Gegard Mousasi - Ilir Latifi
Injuries happen in sports, but when they derail what otherwise promise to be tantalizing spectacles, they’re often bitter pills to swallow. This weekend MMA fans had a bout between rising light heavyweight phenomenon Alexander Gustafsson and Gegard Mousasi to salivate over. But within just a week of Gustafsson’s appearance on UFC on Fuel TV 9 from his native Sweden, he was pulled out of the event with an injury. A cut sustained over his eye from wrestling, meant the Swedish Mixed Martial Arts Federation deemed him unfit to take part. Everyone was left sorely disappointed, none more so that Dana White, who labelled it “the worst decision ever to pull a fight”.
But one person who could not be more overjoyed is Ilir Latifi. Even the most ardent connoisseurs of MMA are clueless as to who Latifi is. The 7-2-1 Swede from Malmo has been a fixture on the local circuit building up a respectable of somewhat inflated record. How good is he? Well, the UFC overlooked him twice previously when they staged cards in Sweden. Latifi has talent, one glance at his highlights on YouTube will illustrate that. But is he of the caliber of the UFC? Far from it. Still it makes a good story if not a great spectacle. Expect Mousasi to dominate and pull out a quick stoppage in what is a far from quality UFC headlining event.
Ross Pearson - Ryan Couture
Pearson, a former winner of The Ultimate Fighter is devoid of a back to back victory on his record since 2010, and yet he is overwhelming favorite when he faces Couture in a lightweight bout that for all intents and purposes will be the headline event due to Gustafsson’s withdrawal. Pearson is a good boxer, is fundamentally sound in defense but lacks any real defining strengths. After a stint at 145 pounds, he got a victory knockout victory over George Sotiropoulos which perhaps flatters to deceive. As for Couture, it must be difficult to have the same name as his father and Hall of Famer Randy. Sure, it opens doors that would otherwise be locked to him, but the expectations are stratospherically high once given a shot.
Couture stands a chance of victory by trying to prolong the fight and use his reach to keep Pearson at bay. As for Pearson, the favorite, the best shot is to box and rush Couture and overwhelm him with blows. Expect a one sided affair as thrilling as the actual “headline” event.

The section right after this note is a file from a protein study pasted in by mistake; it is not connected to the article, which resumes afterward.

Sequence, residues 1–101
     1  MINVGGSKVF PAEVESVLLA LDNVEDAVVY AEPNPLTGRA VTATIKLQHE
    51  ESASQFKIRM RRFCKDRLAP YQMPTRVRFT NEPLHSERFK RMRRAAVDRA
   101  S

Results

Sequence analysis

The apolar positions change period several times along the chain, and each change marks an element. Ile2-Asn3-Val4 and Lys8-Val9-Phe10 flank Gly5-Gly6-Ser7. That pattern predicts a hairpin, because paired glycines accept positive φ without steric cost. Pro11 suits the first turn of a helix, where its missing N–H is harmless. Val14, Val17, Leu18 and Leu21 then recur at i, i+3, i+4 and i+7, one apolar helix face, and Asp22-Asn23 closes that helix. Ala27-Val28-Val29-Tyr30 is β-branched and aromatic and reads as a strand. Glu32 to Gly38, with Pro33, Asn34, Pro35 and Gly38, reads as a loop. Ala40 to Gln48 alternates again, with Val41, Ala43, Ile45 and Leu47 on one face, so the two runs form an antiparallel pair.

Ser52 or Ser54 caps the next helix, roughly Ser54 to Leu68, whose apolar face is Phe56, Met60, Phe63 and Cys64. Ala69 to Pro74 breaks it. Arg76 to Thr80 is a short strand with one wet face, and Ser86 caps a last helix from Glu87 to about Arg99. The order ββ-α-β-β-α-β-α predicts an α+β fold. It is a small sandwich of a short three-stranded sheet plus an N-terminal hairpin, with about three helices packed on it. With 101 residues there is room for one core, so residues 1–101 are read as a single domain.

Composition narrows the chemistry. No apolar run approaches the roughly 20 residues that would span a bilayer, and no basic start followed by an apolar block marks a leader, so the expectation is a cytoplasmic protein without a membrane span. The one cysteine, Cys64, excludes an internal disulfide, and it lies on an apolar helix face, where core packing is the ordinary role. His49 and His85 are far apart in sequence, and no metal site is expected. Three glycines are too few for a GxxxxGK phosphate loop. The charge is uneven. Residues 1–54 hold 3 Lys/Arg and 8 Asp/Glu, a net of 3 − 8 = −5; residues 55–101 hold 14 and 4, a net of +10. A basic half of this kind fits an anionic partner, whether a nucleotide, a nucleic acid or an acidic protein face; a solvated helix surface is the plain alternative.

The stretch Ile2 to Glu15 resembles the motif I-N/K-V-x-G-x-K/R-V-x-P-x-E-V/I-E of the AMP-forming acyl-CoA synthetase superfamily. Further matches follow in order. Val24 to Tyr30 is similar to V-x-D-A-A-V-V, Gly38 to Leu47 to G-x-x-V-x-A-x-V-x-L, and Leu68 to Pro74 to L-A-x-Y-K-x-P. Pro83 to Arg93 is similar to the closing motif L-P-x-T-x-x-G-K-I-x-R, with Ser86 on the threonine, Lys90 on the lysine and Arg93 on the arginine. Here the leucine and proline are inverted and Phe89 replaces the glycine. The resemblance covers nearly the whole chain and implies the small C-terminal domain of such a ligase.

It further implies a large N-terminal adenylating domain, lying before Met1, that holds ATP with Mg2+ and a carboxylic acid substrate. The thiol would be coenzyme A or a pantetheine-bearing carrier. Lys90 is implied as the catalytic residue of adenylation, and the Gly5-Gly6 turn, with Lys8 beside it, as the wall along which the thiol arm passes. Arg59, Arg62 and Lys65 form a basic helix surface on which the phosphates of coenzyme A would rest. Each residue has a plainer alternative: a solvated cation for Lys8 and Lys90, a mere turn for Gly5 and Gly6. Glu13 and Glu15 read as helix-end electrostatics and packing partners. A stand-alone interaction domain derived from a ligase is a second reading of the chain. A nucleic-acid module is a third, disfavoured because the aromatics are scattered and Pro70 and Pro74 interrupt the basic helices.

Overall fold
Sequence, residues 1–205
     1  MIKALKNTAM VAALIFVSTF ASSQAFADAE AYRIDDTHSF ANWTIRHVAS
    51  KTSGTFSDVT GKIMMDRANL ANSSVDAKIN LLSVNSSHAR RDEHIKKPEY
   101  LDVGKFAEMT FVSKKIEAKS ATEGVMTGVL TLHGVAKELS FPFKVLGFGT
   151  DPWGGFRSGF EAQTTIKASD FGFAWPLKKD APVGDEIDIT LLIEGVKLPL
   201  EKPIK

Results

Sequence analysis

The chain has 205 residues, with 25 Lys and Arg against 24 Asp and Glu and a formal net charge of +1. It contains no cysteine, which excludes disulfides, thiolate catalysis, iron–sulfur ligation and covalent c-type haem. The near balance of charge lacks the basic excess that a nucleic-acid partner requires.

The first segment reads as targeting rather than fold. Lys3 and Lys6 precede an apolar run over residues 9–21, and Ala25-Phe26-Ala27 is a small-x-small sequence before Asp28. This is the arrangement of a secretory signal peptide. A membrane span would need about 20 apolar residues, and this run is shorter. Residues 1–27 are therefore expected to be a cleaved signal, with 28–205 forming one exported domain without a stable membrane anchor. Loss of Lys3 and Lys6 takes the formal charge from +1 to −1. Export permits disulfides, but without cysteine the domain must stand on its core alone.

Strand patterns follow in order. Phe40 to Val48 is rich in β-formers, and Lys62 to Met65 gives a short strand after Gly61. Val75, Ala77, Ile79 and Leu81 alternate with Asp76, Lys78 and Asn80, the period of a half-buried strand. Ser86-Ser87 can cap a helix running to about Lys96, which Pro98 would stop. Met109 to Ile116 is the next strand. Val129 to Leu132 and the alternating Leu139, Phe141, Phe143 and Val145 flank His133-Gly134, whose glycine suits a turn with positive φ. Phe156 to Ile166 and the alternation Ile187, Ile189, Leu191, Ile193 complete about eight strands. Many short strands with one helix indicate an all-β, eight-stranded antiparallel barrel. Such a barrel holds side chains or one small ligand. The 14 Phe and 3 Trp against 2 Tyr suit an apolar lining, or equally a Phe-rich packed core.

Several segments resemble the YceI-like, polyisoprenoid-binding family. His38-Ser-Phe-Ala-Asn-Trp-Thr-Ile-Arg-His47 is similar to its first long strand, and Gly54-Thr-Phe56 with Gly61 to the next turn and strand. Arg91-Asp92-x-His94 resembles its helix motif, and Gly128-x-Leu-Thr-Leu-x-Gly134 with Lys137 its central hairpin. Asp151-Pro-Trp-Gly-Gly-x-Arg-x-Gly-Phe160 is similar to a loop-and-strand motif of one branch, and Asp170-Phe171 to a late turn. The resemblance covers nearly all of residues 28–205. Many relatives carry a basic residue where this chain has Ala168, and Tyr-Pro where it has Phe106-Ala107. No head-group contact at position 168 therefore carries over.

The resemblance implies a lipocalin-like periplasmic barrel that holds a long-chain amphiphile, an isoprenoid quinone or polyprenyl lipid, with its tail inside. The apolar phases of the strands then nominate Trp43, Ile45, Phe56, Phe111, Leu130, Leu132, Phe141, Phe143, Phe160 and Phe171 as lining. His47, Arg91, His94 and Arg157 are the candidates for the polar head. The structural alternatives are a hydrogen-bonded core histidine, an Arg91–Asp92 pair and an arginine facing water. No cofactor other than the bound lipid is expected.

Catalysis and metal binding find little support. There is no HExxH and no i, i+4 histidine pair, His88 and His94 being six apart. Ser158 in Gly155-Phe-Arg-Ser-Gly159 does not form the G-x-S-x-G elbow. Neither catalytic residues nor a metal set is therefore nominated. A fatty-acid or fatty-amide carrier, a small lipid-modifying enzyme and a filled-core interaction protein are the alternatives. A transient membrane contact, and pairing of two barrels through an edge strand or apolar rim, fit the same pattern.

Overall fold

Diego Brandao - Pablo Garza
It’s a shame that the one fight that promises to be a volatile affair is lower down on the undercard, because all the ingredients for a rapid slugfest are there. Take Garza [12-3], who used patience and range to defeat Mark Hominick at UFC 154 but overall is known for his aggressive tendencies. Sure, his 3-2 record in the UFC might not dazzle anyone, but both victories and defeats generally came by way of an interesting scrap.
As for Brandao, one of the countless former winners of The Ultimate Fighters littering the promotion, he only knows one way to fight - full steam ahead (even if the steam runs out before the end of the bout). Sure, Brandao might have been more measured and methodical in his fight at UFC 153 where he dispatched Joey Gambino by a decision, but just look at his defeat to Darren Elkins at UFC 146 to see how his kamikaze approach doesn’t always pay off. In a blistering first round Brandao was swinging and kicking like a windmill, only to be gassed the rest of the way to a resounding defeat.
While only half of Brandao’s victories have ended with knockouts, it seems the aggressive bullying approach is one he will go forward with from now on. It might not be the best of decision for his career, but it’s one that does nothing but please fans. If Garza weathers the storm that has been forecast then the fight is his. As for Brandao, with his chips all laid out on the table it will be interesting to see how he fairs. If he gets inside of Garza’s guard then expect fireworks. if not, it could be a long night for Brandao and his swashbuckling style.